Baseball was my first love.
April is Child Abuse Prevention Month in Georgia, as proclaimed by Gov. Nathan Deal. Child abuse is a subject I don't like to think about, let alone write about and you would probably just as soon not hear about. But it is there and we need to acknowledge it and demand some solutions.
Within minutes after a Fulton County jury returned a devastating verdict against the state ethics commission last week, Gov. Nathan Deal's aides were already trying to put their own spin on the story.
I have a note taped up over my computer that reads: "Be prepared for synchronicity in your life. It grew out of some unnamed force somewhere in the universe. Acknowledge it when it appears. Be grateful and give thanks, for if you think deeply, you will find it is not random at all."
I was on the couch, chewing on a straw, watching the zillionth commercial where a middle-aged man takes a pill and he's suddenly happy as all get-out, when my 11-year-old son approached my throne.
Even by my impossibly high standards, this has been a good week.
For the past few months, the Senate Republican primary has looked like a cage match between five politicians biting and gouging to see who can move most sharply to the far right edge of the ring.
We were an hour into our conversation when I realized it.
Since the policy of the federal government seems to be to snoop on the conversations of private citizens, I thought it would be appropriate if we turned the tables on them. So, I authorized my columnist commandos to infiltrate the White House disguised as Teleprompters and get the real scoop on the latest developments in Ukraine.
The week before Georgia legislators finished their session, Sen. Steve Thompson, D-Marietta, made a floor speech that put it all in perspective.
Confession time: These days I read my horoscope, printed on page 2 of this paper. It's all nonsense, of course, but sometimes it can be downright spooky.
I was at the sausage-making plant last week, better known as the Georgia General Assembly. I was there for a good cause. The state Senate was honoring Dick Pettys, one of the finest journalists to walk through the doors of the state Capitol, and I was asked to be a part of that special day.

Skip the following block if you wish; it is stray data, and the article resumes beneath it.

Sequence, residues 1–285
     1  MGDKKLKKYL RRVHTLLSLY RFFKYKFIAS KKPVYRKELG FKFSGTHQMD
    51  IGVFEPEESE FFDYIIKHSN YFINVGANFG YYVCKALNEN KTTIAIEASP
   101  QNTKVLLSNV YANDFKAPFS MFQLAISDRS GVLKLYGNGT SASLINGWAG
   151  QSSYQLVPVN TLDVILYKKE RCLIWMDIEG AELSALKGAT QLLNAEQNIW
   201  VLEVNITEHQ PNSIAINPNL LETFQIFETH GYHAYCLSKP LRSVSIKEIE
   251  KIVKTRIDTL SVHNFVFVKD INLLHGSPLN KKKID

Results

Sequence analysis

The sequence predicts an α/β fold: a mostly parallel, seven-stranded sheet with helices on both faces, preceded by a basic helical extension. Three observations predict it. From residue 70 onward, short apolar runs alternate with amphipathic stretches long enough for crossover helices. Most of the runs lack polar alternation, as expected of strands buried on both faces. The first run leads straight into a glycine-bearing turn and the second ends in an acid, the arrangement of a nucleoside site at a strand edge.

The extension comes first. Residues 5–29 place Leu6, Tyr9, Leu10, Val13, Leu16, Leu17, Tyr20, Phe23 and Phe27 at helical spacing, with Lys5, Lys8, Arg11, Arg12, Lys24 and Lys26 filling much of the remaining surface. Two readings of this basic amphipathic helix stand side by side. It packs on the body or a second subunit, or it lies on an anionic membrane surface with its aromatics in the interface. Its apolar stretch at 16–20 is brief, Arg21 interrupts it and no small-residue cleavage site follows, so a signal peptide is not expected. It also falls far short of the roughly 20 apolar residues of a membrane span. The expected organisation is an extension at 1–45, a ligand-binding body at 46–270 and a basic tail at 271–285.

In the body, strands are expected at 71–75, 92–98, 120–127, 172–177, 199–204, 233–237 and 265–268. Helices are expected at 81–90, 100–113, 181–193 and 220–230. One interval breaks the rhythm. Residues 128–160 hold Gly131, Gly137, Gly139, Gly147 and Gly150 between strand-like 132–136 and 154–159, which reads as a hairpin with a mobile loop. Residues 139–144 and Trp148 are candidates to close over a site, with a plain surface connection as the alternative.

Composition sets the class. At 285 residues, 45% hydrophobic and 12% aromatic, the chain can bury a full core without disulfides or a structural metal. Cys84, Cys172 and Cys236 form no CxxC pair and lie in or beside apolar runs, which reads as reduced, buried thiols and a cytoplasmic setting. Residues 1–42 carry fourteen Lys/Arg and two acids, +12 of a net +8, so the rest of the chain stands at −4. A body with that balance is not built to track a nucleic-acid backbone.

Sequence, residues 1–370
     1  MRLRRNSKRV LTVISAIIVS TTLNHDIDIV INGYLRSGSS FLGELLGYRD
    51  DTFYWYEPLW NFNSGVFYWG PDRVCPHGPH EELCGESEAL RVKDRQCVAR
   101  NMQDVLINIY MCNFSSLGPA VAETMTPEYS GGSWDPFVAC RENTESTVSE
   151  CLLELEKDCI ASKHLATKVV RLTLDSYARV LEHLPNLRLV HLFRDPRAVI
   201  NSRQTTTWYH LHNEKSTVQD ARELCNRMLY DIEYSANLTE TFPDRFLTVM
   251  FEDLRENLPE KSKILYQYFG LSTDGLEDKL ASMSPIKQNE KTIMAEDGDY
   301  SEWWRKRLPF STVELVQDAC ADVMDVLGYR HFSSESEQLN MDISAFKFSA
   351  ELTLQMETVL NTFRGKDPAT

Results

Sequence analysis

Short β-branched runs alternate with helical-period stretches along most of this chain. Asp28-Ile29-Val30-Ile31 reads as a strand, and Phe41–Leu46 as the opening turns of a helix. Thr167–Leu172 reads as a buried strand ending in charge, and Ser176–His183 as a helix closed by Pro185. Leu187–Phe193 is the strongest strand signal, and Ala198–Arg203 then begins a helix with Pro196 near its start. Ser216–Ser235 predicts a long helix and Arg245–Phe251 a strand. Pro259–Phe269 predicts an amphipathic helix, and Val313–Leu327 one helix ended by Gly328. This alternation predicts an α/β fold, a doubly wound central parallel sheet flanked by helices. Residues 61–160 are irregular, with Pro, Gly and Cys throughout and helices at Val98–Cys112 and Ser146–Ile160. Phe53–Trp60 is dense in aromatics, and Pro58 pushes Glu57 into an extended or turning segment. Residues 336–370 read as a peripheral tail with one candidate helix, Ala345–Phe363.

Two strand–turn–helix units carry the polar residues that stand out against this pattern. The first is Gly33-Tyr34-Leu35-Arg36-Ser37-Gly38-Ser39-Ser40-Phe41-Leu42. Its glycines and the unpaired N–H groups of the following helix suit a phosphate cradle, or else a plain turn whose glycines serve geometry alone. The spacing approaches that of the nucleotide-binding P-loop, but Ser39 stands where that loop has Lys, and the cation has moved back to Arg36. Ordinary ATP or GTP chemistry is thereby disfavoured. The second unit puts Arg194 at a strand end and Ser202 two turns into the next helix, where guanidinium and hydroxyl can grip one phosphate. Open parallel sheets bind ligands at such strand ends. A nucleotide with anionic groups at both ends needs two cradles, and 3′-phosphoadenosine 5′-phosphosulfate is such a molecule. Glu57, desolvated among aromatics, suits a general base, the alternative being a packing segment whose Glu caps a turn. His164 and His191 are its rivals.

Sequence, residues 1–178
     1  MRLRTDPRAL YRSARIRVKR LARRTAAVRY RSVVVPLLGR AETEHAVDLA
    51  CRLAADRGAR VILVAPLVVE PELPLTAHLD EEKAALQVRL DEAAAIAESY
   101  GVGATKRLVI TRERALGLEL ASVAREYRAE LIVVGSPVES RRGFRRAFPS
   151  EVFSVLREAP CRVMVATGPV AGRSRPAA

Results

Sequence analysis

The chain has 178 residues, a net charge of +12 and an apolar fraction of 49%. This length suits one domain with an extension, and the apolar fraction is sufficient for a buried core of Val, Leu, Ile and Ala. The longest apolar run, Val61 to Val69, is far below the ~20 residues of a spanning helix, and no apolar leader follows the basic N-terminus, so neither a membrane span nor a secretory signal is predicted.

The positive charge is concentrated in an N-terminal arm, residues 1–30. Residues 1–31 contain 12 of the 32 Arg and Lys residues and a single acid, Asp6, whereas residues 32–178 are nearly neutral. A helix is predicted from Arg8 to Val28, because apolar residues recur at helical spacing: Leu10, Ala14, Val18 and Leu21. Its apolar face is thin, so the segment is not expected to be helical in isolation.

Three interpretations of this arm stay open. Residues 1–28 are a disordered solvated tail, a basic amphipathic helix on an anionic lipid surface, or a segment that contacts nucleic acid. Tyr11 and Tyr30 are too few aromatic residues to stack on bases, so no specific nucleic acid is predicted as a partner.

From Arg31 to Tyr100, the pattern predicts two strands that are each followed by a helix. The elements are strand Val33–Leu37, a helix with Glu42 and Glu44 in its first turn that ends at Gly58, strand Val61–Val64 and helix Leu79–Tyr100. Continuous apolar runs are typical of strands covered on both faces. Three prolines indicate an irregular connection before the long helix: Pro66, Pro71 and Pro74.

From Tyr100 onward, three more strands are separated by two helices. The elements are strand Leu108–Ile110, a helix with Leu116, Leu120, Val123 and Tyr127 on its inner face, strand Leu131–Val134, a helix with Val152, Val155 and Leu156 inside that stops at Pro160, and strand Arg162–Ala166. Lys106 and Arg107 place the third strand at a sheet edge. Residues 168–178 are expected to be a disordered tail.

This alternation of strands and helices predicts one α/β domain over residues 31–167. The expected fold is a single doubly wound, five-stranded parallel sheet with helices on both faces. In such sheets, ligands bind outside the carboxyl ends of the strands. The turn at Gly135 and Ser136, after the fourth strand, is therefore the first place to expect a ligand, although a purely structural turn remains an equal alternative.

Last night, I realized I had failed my daughter. She was home from college for a brief visit and we settled in for some TV time. We flipped through a couple of thousand channels, most of them permutations of various "Law and Order" franchises, until I stumbled across a 1961 episode of "The Andy Griffith Show."
The Georgia General Assembly has rightly earned a reputation for being one of America's most conservative legislative bodies.
Dr. William T. "Tom" Nichols, a longtime community columnist for The Times, died Wednesday in New Castle, Pa. at age 86.
In less than a month, students will be reporting for fall semester classes at the public colleges that make up the state's University System.
"I have gotten bad news and am much the worse for it.
For those who have endured Georgia's longest runoff election ever, the July 22 finish line is finally coming into view.
As child, the doctor came to our house if I was ill. Things change. I remember the day I got sick, and my parents bundled me into their car and drove to the doctor's office to see him., Today no one expects a doctor to make house calls.
With the July 22 runoff elections fast approaching, I called Junior E. Lee, general manager of the Yarbrough Worldwide Media and Pest Control Company, located in Greater Garfield, Ga., to get his thoughts on the various races and to see who he thinks will make it to the finals of the November general election and who will be eliminated this round.
The cellphone video told the story. A U.S. Postal Service van was parked beside a ravine. The driver was systematically taking packages from the back of the vehicle and tossing them down the hill. All in a day's work.
Georgia will soon be losing one of its most entertaining political personalities in U.S. Rep. Paul Broun, the Republican from Athens.
In the days after the May 20 primary elections, candidates who advanced to the runoffs made the usual scramble to secure endorsements from opponents who didn't make it out of the primary.
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